Skin cancer is the most common form of cancer in the United States, with 1 in 5 Americans developing it in their lifetime. Fortunately, when diagnosed and treated early, skin cancer can almost always be cured.
Skin Cancer Basics
Skin cancer is an abnormal growth of skin cells. It can affect people of all colors and races, but is more likely to occur in those with fair skin. The two most common types of skin cancer are basal cell and squamous cell carcinomas. Both cancers are highly curable, though if left untreated, can cause serious damage and disfigurement. Melanoma is the third most common—and deadliest—skin cancer. Melanoma generally develops in a mole or appears as a new dark spot on the skin.
The majority of skin cancers develop due to overexposure to ultraviolet (UV) light. UV light is a type of radiation produced by the sun, tanning beds and sunlamps. It is invisible to the human eye, but can penetrate and damage skin cells. Minimizing exposure to harmful UV rays is key in skin cancer prevention.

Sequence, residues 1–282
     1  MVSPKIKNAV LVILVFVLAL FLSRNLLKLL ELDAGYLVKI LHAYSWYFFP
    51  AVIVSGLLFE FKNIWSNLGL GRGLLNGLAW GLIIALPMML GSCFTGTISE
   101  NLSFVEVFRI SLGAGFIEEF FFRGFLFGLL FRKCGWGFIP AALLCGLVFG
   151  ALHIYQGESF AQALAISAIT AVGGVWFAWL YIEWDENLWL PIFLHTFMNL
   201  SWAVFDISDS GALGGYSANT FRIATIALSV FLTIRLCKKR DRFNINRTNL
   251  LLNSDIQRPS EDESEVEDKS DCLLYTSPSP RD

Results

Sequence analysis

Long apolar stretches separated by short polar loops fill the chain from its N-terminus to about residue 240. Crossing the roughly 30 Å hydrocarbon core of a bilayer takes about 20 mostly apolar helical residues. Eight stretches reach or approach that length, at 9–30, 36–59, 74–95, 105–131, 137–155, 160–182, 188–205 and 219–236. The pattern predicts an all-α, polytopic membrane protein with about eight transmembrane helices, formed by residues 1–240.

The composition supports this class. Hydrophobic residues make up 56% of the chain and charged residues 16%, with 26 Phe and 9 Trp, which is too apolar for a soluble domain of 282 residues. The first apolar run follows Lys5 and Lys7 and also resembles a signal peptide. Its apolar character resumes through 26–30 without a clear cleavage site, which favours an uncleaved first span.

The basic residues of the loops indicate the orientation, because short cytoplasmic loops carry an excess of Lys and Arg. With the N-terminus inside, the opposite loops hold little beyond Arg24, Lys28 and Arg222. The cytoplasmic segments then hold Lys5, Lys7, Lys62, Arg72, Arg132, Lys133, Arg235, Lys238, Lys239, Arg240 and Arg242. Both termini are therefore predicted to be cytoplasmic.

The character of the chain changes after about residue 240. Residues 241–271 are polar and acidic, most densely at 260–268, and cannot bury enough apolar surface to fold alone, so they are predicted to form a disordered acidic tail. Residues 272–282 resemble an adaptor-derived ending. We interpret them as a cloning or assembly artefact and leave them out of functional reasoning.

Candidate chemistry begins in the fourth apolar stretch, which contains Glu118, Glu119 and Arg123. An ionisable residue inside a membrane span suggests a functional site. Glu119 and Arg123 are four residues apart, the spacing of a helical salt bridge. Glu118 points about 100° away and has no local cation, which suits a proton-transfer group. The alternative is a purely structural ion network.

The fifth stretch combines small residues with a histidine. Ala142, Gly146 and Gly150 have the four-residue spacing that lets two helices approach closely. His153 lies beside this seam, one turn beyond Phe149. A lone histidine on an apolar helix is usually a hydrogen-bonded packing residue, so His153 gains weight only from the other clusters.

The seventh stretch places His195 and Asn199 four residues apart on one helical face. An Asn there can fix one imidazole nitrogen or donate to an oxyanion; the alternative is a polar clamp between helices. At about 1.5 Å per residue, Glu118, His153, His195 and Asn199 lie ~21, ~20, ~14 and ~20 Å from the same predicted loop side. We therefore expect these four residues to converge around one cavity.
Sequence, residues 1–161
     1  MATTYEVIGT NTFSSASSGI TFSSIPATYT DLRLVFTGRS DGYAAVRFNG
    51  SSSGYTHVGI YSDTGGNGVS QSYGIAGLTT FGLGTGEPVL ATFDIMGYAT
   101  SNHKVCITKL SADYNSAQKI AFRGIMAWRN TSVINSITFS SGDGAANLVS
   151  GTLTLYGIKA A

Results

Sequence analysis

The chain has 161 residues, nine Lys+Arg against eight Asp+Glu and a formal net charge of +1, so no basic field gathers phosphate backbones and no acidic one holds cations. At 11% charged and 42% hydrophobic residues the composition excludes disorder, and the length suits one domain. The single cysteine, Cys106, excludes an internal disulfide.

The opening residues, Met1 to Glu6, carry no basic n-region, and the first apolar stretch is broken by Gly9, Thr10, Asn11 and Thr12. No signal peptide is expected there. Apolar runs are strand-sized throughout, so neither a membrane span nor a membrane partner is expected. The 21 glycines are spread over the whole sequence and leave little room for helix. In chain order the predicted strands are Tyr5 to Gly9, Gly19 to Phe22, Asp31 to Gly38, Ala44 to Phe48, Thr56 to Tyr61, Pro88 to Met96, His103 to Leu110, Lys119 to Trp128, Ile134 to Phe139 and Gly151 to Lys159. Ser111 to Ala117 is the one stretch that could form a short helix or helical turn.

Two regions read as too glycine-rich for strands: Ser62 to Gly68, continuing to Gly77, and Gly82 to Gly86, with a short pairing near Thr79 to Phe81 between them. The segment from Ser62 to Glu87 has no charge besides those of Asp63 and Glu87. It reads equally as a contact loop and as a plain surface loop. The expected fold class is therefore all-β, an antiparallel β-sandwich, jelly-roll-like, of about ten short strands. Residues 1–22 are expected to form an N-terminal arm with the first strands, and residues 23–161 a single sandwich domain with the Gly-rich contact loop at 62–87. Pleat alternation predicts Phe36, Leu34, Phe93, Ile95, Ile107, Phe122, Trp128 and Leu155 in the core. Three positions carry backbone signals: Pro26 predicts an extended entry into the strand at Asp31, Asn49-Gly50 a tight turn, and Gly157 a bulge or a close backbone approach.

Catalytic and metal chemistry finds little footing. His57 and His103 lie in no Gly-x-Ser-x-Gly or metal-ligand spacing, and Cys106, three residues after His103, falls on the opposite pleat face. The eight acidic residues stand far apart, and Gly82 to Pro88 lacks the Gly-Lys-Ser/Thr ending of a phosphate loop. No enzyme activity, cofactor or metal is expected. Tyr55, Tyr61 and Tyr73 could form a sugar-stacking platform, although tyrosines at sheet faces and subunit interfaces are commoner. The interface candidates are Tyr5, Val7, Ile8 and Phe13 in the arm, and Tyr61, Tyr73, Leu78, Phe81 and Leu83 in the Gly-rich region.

Reduce Your Risk
- Stay out of the sun as much as possible.
The sun’s rays are strongest between 10am and 2pm, so seek shade during these hours or protect your skin with clothing. Consider wearing long sleeves, pants, sunglasses and a wide brim hat. Be especially aware if you’re near water, sand, or snow. These surfaces can reflect and intensify the damaging effects of the sun.
- Always wear sunscreen.
It doesn’t matter what time of year it is or what the weather is like. If you’re spending time outdoors, it’s important to apply sunscreen to all exposed skin. Choose a broad-spectrum, water-resistant sunscreen with an SPF of 30 or higher. Apply it every 2 hours and after you swim or sweat.
- Check your skin regularly for changes.
Check out this infographic from the American Academy of Dermatology for how to spot signs of skin cancer. Early detection is crucial for successful treatment.